Tokenized vault standard is finalized and promises an end to patch jobs and custom connectors
Yearn Finance yesterday championed the new ERC-4626 token. It announced on Twitter that the platform’s new V3 Vault will abide by the new token standards.
- The very short narrative of ERC-4626’s journey up to now
- What are ERC Tokens?
- How does ERC-4626 work?
- The Great Vault Standardization and Yearn Finance’s position
A developer by the name of Joey Santoro first proposed the ERC-4626 token on January 4th. On March 17th that ‘ERC-4626 is now FINAL’. Yesterday, Yearn Finance posted on Twitter that they’d completed the ‘Tokenized Vault Standard’ and that ‘the Great Vault Standardization begins now’.
A new token standard doesn’t usually make the news, but when it promises to solve some of the longest-standing issues in DeFi, we all suddenly take notice. At the moment, yield-bearing tokens have no standard way of communicating with one another. ERC-4626 changes this.
Ultimately, ERC-4626 could revolutionize the way users and platforms stake their tokens and collect their yields. Due to the absurdly complex nature of blockchain technology, most people who benefit from this will be unaware that anything has even changed.
What are ERC tokens?
Most people have heard about the ERC-20 token. It provides a set of guidelines that all other tokens need to stick to to work on the Ethereum blockchain or other chains following the EVM standard. ERC stands for Ethereum Request for Comment and the 20 is the proposal number developers assigned to the project.
Once the ERC-20 token standard was implemented, everyone developing for Ethereum knew the rules they had to stick to in order for their project to work. This introduced composability to the blockchain system. Now, tokens on Ethereum were fungible. This meant users could swap one type of token for another., allowing for scalability and a more interesting ecosystem.
Fabian Vogelsteller introduced the ERC-20 token back in 2015. It was a landmark moment for blockchain technology, representing a giant leap forward in so many ways.
Other ERC standards you probably know of without knowing it are the ERC-721 and the ERC-1155 tokens.
- The ERC-721 was the first standard to set guidelines for developers to use to embed ownership of non-fungible tokens. It was the birth of NFTs.
- The ERC-1155 token provides standards primarily for NFTs. But it is fungible-agnostic, meaning it works for both fungible and non-fungible tokens. ERC-1155 reduces gas prices meaning more people can participate.
Now we have a new token standard with ERC-4626.
How does ERC-4626 work?
Joey Santoro developed ERC-4626 to solve the issue of yield-bearing tokens. Until now, there have been slight variations in the implementation of yield aggregators, vaults, lending markets and native yield tokens like xSUSHI.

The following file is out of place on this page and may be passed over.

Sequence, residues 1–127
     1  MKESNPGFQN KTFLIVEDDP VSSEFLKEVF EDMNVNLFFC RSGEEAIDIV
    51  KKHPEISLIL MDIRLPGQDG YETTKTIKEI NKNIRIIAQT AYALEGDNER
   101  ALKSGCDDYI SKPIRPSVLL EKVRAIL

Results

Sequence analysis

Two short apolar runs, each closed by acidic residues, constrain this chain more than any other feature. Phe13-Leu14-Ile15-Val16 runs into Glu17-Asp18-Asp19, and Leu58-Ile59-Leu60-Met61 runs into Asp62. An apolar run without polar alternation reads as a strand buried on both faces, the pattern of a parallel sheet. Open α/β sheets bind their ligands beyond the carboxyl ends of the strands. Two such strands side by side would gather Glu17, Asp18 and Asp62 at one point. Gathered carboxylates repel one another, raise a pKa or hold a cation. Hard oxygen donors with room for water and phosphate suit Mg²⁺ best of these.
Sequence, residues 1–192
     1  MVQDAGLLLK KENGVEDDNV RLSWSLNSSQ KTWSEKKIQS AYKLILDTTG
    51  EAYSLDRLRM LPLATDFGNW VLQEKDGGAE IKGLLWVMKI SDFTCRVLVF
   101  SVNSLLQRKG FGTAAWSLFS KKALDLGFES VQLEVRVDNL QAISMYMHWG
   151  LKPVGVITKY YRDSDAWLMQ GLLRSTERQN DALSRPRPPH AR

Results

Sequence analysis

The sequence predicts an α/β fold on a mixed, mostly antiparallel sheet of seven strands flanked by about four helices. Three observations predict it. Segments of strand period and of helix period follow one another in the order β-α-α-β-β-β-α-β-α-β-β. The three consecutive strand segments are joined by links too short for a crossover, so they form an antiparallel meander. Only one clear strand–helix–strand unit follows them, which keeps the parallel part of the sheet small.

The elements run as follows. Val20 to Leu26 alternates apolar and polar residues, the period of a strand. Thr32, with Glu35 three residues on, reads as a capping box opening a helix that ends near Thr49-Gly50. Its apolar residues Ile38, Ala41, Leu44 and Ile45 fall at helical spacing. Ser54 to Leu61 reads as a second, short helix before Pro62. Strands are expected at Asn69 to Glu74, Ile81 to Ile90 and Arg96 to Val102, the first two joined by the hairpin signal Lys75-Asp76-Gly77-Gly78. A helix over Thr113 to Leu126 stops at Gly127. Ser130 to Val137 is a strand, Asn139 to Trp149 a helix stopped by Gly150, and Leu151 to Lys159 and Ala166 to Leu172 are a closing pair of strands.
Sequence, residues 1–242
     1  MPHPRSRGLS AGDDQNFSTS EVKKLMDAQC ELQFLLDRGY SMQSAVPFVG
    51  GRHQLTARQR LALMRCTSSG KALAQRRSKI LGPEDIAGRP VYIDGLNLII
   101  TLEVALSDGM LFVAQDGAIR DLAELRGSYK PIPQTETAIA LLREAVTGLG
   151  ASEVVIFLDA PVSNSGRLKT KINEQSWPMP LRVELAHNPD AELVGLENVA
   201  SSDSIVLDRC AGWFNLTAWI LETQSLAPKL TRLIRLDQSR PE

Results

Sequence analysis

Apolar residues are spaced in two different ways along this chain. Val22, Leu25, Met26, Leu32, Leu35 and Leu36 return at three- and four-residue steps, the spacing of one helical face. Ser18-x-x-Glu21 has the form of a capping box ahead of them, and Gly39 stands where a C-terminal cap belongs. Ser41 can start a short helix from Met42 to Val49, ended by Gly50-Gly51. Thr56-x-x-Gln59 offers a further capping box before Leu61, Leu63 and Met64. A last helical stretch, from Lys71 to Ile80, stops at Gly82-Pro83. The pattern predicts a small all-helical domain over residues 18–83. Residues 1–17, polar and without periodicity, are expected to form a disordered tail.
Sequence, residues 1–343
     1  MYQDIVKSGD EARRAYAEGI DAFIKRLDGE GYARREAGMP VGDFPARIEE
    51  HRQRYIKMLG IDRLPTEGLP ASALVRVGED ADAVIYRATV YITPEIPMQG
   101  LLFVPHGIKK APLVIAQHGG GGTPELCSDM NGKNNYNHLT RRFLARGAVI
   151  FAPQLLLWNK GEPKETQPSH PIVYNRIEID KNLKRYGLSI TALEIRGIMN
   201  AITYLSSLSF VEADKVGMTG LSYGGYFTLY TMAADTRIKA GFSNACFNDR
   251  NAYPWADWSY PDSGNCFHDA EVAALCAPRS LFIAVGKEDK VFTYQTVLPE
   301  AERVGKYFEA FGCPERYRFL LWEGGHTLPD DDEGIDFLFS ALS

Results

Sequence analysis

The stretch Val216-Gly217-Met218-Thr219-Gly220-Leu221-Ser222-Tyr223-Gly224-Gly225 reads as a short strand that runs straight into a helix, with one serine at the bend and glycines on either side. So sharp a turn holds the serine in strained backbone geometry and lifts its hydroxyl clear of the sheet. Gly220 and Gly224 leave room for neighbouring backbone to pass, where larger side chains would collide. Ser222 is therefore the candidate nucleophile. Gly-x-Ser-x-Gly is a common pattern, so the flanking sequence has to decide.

This meant that anyone who wanted to build an app on top of a yield-bearing token would need to write multiple plug-ins and adapters to make the misaligned pieces of code talk to each other. Developers got around this issue by wrapping tokens but it wasn’t a perfect solution.
If you’ve ever come across WETH or WBTC, this means a token is wrapped. In these cases, WETH stands for Wrapped ETH and WBTC is Wrapped BTC. They’re all pegged one-for-one to the underlying coin, but are built with different token standards. Wrapping a coin facilitates its movement across different blockchains. This enables people to swap tokens across different mainnets and it’s critical for the staking and yield-farming process.
But wrapping tokens is costly, time-consuming and has inherent security flaws. Picture a developer designing custom connectors for every unique variation in different yield-bearing tokens. It takes time and money to do this. Bridging misaligned parts with each other creates vulnerabilities in the system. Ultimately wrapping is a type of bridging, and we’ve all seen recently how wrong that can go.
ERC-4626 provides a standard so that all of these different tokens across multiple blockchains can talk to each other. Like the ERC-20 token seven years ago, this new token standard brings composability to the ecosystem.
The Great Vault Standardization and why support from Yearn Finance matters
Yearn Finance stated clearly in a Twitter thread: ‘Yearn V3 + ERC-4626 = inevitable’. Yearn Finance is a popular yield aggregator in the DeFi space. They maximize profits for yield farmers by placing their staked assets in the place where they will generate the most money.
With $2.92 billion total value locked into its platform, Yearn Finance has plenty of clout even if it’s not a market leader in the space. So when it announced that it’s changing its token standards to ERC-4626 for its upcoming V3 Vaults, it’s highly likely that other similar platforms will listen up.
Yearn Finance also announced in its Twitter thread that the Great Vault Standardization has arrived. Vaulting is the process of locking tokens away on one blockchain so that other tokens can be minted and used on a different blockchain. Think of it as a like-for-like exchange where people can drop off something they own in one location and then pick up something different but of equal value somewhere else.
It’s one of the backbones behind DeFi because it enables staking and yield farming. Now we have the ERC-4626 standard, the vaulting process should soon be the same across all blockchains. To quote Joey Santoro, the more the Ethereum ‘ecosystem coordinates development efforts, the faster DeFi can grow and scale’. DappRadar will certainly be keeping an eye on the situation to see if those hopes are realized.
You can also track Yearn Finance’s on-chain analytics here and see where it comes in DappRadar’s DeFi dapp rankings pages. Yearn Finance also has its own native token called YFI, built on the Ethereum blockchain. Use our Token Explorer to see its performance over time.